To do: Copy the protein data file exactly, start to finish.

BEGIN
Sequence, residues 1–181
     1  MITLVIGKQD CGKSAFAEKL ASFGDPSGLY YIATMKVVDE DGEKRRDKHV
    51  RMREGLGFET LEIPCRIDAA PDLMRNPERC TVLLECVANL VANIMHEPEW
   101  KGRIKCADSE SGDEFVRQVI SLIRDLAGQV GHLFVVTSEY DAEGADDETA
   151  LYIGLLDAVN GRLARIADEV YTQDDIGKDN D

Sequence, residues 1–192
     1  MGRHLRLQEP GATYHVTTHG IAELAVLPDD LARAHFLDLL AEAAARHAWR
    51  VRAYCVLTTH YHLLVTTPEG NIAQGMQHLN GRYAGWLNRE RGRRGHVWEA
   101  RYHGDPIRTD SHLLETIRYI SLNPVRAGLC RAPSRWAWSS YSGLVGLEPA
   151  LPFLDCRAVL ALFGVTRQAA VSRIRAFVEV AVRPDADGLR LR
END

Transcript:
Sequence, residues 1–181
     1  MITLVIGKQD CGKSAFAEKL ASFGDPSGLY YIATMKVVDE DGEKRRDKHV
    51  RMREGLGFET LEIPCRIDAA PDLMRNPERC TVLLECVANL VANIMHEPEW
   101  KGRIKCADSE SGDEFVRQVI SLIRDLAGQV GHLFVVTSEY DAEGADDETA
   151  LYIGLLDAVN GRLARIADEV YTQDDIGKDN D

Sequence, residues 1–192
     1  MGRHLRLQEP GATYHVTTHG IAELAVLPDD LARAHFLDLL AEAAARHAWR
    51  VRAYCVLTTH YHLLVTTPEG NIAQGMQHLN GRYAGWLNRE RGRRGHVWEA
   101  RYHGDPIRTD SHLLETIRYI SLNPVRAGLC RAPSRWAWSS YSGLVGLEPA
   151  LPFLDCRAVL ALFGVTRQAA VSRIRAFVEV AVRPDADGLR LR